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Et tu, Google?

I hope ZDNet simply got their facts wrong. I'm not above packing up and leaving here, living on a beach in a hut somewhere.

The level of Big Brother creepiness that #CISPA opens the door to is 100% un-American and, quite frankly, disgusting. It's not even something Congress should be entertaining in the darkest recesses of their senile minds, much less legitimately trying to turn into law.
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seth shore's profile photoLisa Miller's profile photoAndrew Cheong's profile photoMichael Long's profile photo
18 comments
 
If this passes it will be bye bye Google+, Gmail, Chrome ect ect for me.

Google need to take an active role in fighting this, not getting behind it
 
This ZD article is just a camouflaged nymwars flame post - do not trust it.
 
How do you know +Isabel Draves?
And I might have to agree with you +Matt Hancock (as much as I don't want to) ... If #Google is in full support of #CISPA and will not change their position then I may have to drop all Google products. Which would be a shame because I really love Google and the people within the community.
 
You have the connections and the passion to pursue this, David. Please do so and tell us what you find. I'm very concerned.
 
I love Google as well, and I tolerate the data mining for advertising purposes. But if this bill passes, it will be no more Google services for me.

I would love to see Google take an active stand against this as they did with SOPA. TBH I think we need the backing of companies like Google, Wiki to stop this from passing.
 
Does anyone have evidence outside of this article Google supports CISPA? No? Then it's bullshit because the source is a ZDnet article.
 
Its been reported in several places that the author of CISPA claims Google supports it, but no firm statement from Google itself. I'd love to see some clarification from Google myself.
 
All I can find is Mike Rogers, the guy who wrote the bill, blowing smoke and using vague language about the writing of the bill and Google's involvement. Google has yet to make a public statement.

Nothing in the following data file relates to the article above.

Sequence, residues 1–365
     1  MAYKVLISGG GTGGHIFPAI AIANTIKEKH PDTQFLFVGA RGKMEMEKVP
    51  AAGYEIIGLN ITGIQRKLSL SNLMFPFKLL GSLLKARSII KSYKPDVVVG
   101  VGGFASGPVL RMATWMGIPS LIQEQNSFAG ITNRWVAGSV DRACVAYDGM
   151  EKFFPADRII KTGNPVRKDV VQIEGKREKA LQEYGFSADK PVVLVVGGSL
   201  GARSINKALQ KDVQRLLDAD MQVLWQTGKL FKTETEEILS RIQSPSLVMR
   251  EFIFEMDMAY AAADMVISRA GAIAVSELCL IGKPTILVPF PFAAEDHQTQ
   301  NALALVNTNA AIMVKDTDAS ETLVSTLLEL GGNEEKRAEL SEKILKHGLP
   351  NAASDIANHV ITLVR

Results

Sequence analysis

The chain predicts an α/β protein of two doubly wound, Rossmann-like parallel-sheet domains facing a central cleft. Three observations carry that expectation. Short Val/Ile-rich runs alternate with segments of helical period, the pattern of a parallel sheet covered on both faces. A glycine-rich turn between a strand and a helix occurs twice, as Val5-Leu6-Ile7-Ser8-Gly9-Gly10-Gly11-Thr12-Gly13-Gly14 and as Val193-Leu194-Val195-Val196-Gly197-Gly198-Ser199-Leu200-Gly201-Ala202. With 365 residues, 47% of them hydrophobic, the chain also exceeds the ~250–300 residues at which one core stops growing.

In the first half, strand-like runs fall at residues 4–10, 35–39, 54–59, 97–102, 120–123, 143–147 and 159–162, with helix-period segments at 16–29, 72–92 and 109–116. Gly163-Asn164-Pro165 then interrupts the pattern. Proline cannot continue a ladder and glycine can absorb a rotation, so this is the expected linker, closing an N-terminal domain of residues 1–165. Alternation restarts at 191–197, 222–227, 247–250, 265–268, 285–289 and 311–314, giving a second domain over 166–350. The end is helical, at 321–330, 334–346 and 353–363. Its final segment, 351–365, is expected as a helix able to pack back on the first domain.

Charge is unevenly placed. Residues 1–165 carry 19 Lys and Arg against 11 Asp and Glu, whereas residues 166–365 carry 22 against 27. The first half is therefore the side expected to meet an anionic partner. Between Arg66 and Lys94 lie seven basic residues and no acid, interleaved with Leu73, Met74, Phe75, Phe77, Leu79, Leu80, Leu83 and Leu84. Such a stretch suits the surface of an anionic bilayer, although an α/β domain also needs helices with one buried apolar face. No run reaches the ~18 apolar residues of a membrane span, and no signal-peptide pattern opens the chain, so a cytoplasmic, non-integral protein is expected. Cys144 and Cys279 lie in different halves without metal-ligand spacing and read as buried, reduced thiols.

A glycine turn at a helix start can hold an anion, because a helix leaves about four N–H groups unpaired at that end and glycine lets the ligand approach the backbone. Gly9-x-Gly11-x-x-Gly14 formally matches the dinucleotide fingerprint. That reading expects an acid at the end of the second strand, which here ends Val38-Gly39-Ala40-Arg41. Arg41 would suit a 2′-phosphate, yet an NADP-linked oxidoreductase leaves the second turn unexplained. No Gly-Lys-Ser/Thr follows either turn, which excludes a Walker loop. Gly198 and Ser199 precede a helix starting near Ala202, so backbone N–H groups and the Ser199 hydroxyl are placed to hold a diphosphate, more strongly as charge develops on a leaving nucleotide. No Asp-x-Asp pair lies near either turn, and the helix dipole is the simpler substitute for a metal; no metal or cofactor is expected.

+Andrew Cheong if you go back and read Violet Blue's posts about nymwars, you'll find that she suffered from them mistakenly thinking she was using a psudonym, which was not permitted, and ever since she is adamant about how important it is for people to be able to use G+ anonymously, and at the bottom of the article quoted here, where she talks about people's livlihoods and families depending on privacy and even their ability to stay alive, that is all referencing the argument for allowing stalker victims, etc. to post anonymously on G+... it's just the same accusations she always makes about Google, and nowhere is there proof that Google influenced the bill in a positive as opposed to negative way... just not good journalism, written by a journalist who has an axe to grind and a history of grinding it.
 
This info was brought up a while ago on a few radio programs close to when Google changed privacy policy aswell. If you look at how the Ad whore giant works you'd have some realization as to if google would do this or not.
 
+Joe Hanley Then get off Google+ if you think they;ll share info and are propping CISPA up because of a shield. Othwerwise, stop the bullshit assertions and come up with some proof.

Also, Google isn't an ISP. That provision is meant for people like Comcast and Time-Warner.
 
While much of this may be true, it's all hearsay at this point without an official statement from Google. The width and breadth of the article is based on about 9 words from a blog post on "The Hill," which isn't exactly my idea of a proper media outlet, anyway. I do wish that large media conglomerates like the CBS-affiliated ZDnet would preface that sort of thing rather than making me do my own research. Maybe that's just a bit too much to expect from journalism in this day and age, though.
 
It's not shocking as Google has been oddly silent on #CISPA.
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